Monday, October 11, 2010
The lesson we learned from the following experience was this: never consider driving along a road in which the map designated by a dashed line (showing it is a secondary or tertiary road) unless you have a lot of time, gas, food, and water. So the story begins like this, it was a three day weekend and there were a few of us who knew we wanted to get out of town for at least one day. No one made firm plans. Friday we were busy doing stuff, including just relaxing around the house since it was a busy week. Saturday no one could get up early enough to commit to anything. So then we decided to take a drive down to the Niger River on a Sunday afternoon. The route seemed clear enough. Drive East from Abuja until we came to the town of Agia, then South until we reached Bamko, and then West until we reached Gwagwalada, and then head back North until we arrived in Abuja once again- a nice simple quadrilateral path. The trip took us 12 hours in total, far past our first estimate of 4 hours. It would have been amazing if we had more time to enjoy the wonderful sites that we saw and not have had the stress levels we did- due to time, the sketchy bridges we drove over, and the bouncy road on Gordon's back. We didn't even have time to put a toe into the Niger once we did see it!
On Saturday, September 25th, 2010 two of our friends from church, Chris and Catherine married. It was our first Nigerian wedding, and we were guests of honor. They had special outfits made for us, of the Niger Delta style, Igbo Land. The wedding was to begin at 10am prompt, but started just before 1pm. The bride and groom select and sell a special Nigerian wax boutique fabric which guests are to buy in order to support the newly weds. DO you like my hat? Isn't it rediculous?! Anyhow, it was traditional, and I had many complements from the locals. Gordon and the cute little flower girls, they were prancing and posing- really enjoying the attention. The wedding began 3 hours late and the ceremony lasted about 30 minutes. Following the ceremony, we gathered in the cultural hall, in the back of the church chapel. There we were served dinner, chicken and pork with jallof rice (a long grain white rice served with spicy red peppers). The couple danced in to the tune of Simply the Best by Tina Turner, a personal favorite. During the reception, guests were expected to dance and then people would come up and shower them with money (depending on their skills) and the newly weds got to keep the money. They have special dances, for the fathers of the bride and groom, then the mothers, then all the family members, then friends, etc. The most popular of all the dances was a performance by the Grandmother of the Bride, who seemed to barely be able to stand up and walk forward but then bounded into a rhythmic step which had the crowd on their feet cheering and throwing down lots of paper. A nice basket was plenty full by the end of everyone's performance. There was a cake which was cut but not shared with the guests. Special witnesses gathered around the cake and gave their opinions of the symbolism represented by the way in which the cake was cut and how the bride and groom fed each other the first slices. Then the cake was carried away? Finally, people showered the couple with gifts and in return were given practical favors, we received a mixing bowl. It was overall a happy day and nice celebration of unity.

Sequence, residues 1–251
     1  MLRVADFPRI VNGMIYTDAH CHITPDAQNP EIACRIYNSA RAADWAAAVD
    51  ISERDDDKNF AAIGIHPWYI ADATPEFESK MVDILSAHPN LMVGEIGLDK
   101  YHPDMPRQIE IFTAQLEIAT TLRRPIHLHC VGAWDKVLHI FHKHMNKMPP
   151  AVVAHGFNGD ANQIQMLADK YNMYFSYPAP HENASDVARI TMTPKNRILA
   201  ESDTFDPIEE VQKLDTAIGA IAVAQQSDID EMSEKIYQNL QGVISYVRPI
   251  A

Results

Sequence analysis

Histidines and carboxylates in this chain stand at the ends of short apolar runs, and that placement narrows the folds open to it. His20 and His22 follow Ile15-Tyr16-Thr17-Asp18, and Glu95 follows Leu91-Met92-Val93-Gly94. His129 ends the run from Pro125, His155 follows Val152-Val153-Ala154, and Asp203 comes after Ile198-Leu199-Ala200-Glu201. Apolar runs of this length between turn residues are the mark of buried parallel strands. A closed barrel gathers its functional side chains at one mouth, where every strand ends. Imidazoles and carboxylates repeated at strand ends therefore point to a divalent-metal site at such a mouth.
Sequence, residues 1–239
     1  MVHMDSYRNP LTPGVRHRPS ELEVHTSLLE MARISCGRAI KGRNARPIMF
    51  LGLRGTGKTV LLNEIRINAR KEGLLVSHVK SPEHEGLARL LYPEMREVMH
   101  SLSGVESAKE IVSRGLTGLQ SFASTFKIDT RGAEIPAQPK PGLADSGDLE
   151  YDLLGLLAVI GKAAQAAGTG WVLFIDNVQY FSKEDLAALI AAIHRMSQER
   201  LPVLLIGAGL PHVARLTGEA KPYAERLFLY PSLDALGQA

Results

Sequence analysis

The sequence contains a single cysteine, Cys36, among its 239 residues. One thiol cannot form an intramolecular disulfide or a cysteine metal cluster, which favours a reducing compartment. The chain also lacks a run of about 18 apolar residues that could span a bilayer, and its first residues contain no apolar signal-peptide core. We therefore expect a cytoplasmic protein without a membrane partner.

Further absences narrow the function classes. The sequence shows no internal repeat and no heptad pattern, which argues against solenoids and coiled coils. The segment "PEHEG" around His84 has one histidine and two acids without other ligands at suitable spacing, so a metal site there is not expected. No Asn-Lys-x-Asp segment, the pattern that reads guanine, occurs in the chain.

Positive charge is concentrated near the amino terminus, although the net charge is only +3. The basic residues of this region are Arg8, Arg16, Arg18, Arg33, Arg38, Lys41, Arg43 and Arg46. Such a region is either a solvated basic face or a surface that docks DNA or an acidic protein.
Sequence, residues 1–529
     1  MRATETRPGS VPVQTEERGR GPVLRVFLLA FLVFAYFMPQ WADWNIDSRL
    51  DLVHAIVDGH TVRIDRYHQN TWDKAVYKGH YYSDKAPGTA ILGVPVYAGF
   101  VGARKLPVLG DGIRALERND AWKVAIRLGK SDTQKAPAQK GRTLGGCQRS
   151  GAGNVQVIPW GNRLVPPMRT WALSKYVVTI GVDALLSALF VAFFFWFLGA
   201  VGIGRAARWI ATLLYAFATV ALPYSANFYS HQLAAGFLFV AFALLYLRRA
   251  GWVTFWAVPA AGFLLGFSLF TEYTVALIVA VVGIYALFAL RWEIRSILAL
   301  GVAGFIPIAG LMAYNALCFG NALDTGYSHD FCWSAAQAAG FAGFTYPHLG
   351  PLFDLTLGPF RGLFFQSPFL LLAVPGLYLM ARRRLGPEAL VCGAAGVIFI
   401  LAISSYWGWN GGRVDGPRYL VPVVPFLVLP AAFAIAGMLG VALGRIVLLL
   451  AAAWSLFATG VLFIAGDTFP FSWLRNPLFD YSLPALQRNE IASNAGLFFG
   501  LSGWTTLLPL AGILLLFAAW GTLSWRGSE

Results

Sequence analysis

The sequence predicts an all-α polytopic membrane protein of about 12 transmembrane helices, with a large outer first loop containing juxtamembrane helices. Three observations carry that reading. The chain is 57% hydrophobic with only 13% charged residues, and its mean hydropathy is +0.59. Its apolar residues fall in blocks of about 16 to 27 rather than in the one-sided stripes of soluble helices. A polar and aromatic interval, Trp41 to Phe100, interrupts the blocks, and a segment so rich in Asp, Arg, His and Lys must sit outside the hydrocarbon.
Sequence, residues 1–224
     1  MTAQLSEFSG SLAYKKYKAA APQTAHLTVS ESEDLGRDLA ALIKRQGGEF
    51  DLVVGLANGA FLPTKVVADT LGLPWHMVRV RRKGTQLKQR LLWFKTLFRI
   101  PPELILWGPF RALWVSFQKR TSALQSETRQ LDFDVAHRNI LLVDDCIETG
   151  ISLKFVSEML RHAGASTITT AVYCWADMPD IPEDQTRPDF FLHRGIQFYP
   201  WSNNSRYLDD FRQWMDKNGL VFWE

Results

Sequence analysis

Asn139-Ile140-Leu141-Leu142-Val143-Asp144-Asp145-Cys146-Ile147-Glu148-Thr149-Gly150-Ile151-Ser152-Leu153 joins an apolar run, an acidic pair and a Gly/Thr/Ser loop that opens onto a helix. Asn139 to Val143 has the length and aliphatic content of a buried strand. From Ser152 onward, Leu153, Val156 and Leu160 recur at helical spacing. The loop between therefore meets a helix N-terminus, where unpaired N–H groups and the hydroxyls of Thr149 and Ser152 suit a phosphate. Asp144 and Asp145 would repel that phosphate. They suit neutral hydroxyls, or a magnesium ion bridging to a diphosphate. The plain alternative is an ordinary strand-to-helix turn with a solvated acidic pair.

On Saturday, August 28th, 2010 our very good friend Denise married Paul in the Orcas Islands near Seattle, Washington. It was a wonderful wedding and we wish them the best.
On Sunday, August 29th, 2010 we took flight to Abuja, Nigeria- leaving from Seattle, Washington, for a 32 hour journey to our second home for the next 9 months. Gordon did quite well with the adventure, despite his newly constructed spine. We upgraded to business class for the leg of our flight because it only cost us $150 beyond our excess baggage fee. It turned out to be a very smart decision because the seats recline and become almost 100% horizontal. We arrived in Abuja, Nigeria and our friend Bryan picked us up from the airport. The bananas and coconut bread in Nigeria are amazing, we truly missed them during the summer. Our first week back we attended a fund raiser for the school at the Hilton, it was a fashion show. Many teachers and students were modeling Vlisco Dutch Wax, a high quality Nigerian style wax boutique printed in The Netherlands, as well as professional models. Look at those heels! Carol is the Librarian at school. She is my new friend and new to our school, from Buenos Aires, and we are practicing yoga every Tuesday and Thursday together. Our friend Laura had a surprise birthday party, which was a nice opportunity to hang out with some old friends again. And then we finally settled, in our newly made love nest, in Abuja, Nigeria for a 3rd year of teaching at the American International School.